Recommended reads #96

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I feel a bit guilty that I came upon some cool reads, in the precise moment that my country stopped being a proper democracy. This list is more decline-of-democracy-related than usual. But still even if you’ve had enough of this, there’s enough in here about other things I hope it’s worth your time. In part, because there’s a link in here about how to keep on keepin’ on while still doing your best to resist the the new authoritarian government that has taken over the US.

But I do have things to share, some of which aren’t even about our brave new world.

Just in case you didn’t know, academia.edu is a for-profit venture that exists primarily to gather our information and sell it. Ungood. I’ve stayed away from it for this reason – this article explains how they ended up with a .edu even though they’re not a .edu.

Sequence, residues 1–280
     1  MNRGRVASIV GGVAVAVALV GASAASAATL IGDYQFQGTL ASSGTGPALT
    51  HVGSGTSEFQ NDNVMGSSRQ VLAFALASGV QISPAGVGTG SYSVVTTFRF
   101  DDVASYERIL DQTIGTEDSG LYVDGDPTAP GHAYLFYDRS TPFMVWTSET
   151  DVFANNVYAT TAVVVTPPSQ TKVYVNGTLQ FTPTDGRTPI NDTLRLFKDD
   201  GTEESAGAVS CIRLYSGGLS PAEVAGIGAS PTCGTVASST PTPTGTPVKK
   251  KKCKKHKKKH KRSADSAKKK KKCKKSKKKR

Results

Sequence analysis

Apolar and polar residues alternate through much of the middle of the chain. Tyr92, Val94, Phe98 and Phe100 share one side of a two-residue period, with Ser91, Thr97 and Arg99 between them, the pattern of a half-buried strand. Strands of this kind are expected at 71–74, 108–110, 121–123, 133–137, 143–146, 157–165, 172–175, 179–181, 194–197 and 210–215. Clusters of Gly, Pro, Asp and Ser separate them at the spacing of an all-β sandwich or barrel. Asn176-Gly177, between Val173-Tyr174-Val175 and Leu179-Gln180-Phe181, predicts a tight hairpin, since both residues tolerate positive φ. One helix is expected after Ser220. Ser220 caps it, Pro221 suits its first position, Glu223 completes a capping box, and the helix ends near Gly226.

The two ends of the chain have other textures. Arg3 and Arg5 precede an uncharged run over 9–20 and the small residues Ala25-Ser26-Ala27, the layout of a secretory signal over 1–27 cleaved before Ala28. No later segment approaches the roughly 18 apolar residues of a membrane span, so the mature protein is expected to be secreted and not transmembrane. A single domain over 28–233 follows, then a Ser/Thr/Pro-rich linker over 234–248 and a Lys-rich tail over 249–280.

America’s great working class colleges. This is such a great piece of journalism (admittedly  I think this in part because it says things I try to say here often and get it better than I could). Here’s the interactive feature that accompanies the article, which I really suggest you play around with – if anything to get an idea about how the institutions that you are personally familiar with compare to others in ways that you might not have seen visualized before. It was an education for me, surely.

This is a good visualization of gerrymandering. Which (I don’t argue here) is specifically how we got into this hideous mess.

This story about Maria Sibyl Merian, a pioneering scientist in the late 1600s, is captivating.